The following chart shows PPA spot second and third segment rates for the period 2019-2021.

**Chart: PPA monthly average interest rates**

As this data indicates, November 2021 2nd segment rates were up significantly (40 basis points) vs. November 2020 rates, while 3rd segment rates were flat.

As noted, based on these rates, the cost of de-risking our example participant decreased 2%, from $10,428 in 2020 to $10,218 in 2021.

(For purposes of this calculation, rather than doing a strict Tax Code 417(e) calculation, we simply assume the participant has a 21-year life expectancy at age 65.)

**PBGC premiums**

Reducing participant headcount, e.g., by paying out lump sums to terminated vested participants, reduces the PBGC flat-rate premium and may, depending on plan funding and demographics, reduce the variable-rate premium. Premiums for the current year are based on headcount for the *prior* year. So de-risking in 2022 will reduce premiums beginning in 2023.

**PBGC flat-rate premiums**

We are (conservatively) estimating the 2023 PBGC flat-rate premium to be $90 (the 2022 rate of $88 adjusted for one year of wage inflation).

For purposes of our analysis, we assume no inflation-related increases in PBGC premiums after 2023. We have not discounted the valued of saved premiums; our assumption is that wage inflation (by which premiums increase) will roughly offset real interest rates. On that (simplified) basis, the savings from the elimination of 36 years of PBGC flat-rate premiums for our example participant is $3,240. (Obviously, if the plan is or is expected to be terminated before 36 years, the savings will be less.)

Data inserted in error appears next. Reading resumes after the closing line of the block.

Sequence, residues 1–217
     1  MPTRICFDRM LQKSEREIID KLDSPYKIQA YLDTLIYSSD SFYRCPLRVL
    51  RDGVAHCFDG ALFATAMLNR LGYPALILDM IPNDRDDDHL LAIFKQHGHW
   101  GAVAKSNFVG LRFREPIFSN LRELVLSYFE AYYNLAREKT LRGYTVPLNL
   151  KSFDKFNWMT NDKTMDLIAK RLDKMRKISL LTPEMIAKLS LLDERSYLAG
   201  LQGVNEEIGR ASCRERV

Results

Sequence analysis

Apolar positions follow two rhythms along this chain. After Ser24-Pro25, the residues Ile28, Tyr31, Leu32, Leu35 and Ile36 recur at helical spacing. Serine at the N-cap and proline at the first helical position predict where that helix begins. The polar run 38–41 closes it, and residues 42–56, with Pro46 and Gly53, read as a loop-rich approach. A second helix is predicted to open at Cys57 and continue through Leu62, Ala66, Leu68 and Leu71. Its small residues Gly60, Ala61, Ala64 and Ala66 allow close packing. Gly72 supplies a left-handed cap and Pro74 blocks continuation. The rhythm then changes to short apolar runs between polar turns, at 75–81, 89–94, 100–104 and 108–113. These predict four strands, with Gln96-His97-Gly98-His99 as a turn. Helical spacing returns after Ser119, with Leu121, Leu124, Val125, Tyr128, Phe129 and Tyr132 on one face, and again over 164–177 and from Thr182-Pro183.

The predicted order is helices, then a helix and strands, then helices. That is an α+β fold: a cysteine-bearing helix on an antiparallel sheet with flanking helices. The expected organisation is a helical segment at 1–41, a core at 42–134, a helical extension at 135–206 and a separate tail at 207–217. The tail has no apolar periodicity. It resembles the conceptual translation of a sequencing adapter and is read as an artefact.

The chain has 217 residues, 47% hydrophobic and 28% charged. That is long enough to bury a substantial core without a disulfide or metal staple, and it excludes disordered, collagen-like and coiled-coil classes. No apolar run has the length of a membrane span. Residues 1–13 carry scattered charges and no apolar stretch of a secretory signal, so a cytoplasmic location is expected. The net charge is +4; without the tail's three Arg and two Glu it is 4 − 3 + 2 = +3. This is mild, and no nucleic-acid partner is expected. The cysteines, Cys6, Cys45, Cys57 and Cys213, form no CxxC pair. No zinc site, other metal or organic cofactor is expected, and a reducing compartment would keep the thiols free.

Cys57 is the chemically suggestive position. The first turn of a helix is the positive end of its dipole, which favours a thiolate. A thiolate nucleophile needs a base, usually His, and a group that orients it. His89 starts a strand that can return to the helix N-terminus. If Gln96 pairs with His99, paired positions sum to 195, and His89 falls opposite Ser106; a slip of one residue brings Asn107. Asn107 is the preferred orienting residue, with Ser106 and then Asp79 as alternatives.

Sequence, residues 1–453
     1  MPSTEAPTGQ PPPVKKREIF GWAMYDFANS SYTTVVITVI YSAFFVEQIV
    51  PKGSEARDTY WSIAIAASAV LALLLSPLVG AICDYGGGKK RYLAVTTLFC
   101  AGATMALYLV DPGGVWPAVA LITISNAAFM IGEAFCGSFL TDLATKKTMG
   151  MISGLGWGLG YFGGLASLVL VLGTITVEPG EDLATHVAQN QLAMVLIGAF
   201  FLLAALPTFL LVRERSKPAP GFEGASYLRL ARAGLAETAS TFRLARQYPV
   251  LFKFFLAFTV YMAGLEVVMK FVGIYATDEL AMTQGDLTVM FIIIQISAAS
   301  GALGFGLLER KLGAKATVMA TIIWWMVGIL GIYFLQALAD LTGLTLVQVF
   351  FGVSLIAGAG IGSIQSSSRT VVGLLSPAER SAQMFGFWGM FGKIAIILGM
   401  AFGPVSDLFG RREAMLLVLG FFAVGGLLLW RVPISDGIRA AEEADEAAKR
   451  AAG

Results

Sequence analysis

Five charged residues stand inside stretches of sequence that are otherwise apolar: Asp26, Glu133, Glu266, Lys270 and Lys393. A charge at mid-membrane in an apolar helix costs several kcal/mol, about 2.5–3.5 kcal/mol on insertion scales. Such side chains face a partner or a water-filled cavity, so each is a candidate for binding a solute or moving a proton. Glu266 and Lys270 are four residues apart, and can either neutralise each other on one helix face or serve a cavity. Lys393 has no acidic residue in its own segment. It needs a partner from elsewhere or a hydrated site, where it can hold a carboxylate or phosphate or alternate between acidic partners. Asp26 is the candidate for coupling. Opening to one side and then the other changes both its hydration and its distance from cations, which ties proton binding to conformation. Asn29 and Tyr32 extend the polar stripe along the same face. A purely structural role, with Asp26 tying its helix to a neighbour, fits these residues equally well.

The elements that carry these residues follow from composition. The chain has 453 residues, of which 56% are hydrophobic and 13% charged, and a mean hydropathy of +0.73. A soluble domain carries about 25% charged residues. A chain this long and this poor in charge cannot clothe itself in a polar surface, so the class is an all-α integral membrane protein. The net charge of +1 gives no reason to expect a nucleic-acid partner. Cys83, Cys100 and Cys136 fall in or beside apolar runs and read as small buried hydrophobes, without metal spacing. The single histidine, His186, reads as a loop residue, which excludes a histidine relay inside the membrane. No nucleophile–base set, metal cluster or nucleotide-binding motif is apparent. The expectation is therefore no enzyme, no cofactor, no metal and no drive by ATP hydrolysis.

**Variable-rate premiums**

In our article Reducing pension plan headcount reduces risk and PBGC premiums we discuss how de-risking can, in some cases, dramatically reduce the variable-rate premium. The logic of that is not especially intuitive. The gains come from the headcount-based cap on variable-rate premiums. We estimate (again, based on one year wage inflation) the 2023 headcount cap to be $600. Oversimplifying (and again assuming that the real discount rate is offset by increases in the cap based on wage inflation), depending on plan funding and demographics, de-risking (that is, lump summing-out) one participant in 2022 may save a sponsor $600 per year in PBGC premiums beginning in 2023.

As plan funding improves, however, these savings will go away. For purposes of our example we consider two alternative scenarios: the plan “funds its way out” of the per participant variable-rate premium cap after 5 years or 10 years, yielding savings of $3,000/$6,000.

**Tradeoffs**

As we discussed at the top, the saving, via reduced PBGC premiums, is “real” – it can be thought of in the same way as the savings from a reduction in taxes. The cost of a 2022 lump sum is not in the same category (that is, it is not “real”), because it is offset by a similarly decreased liability carried on the sponsor’s books.

There is, however, a cash flow effect: if a plan (on a market basis) is underfunded, paying out (100% of) a benefit will increase underfunding and may increase minimum funding requirements, although substantial increases in interest rate stabilization relief have made this possibility less likely in many cases.

* * *

We note that the savings from de-risking/headcount reduction remain significant. The wild card with respect to the cost of de-risking is the direction of future interest rates, especially as interest rates have continued to increase in 2022.

In our next article we will discuss how increasing interest rates in 2022 may complicate the de-risking decision.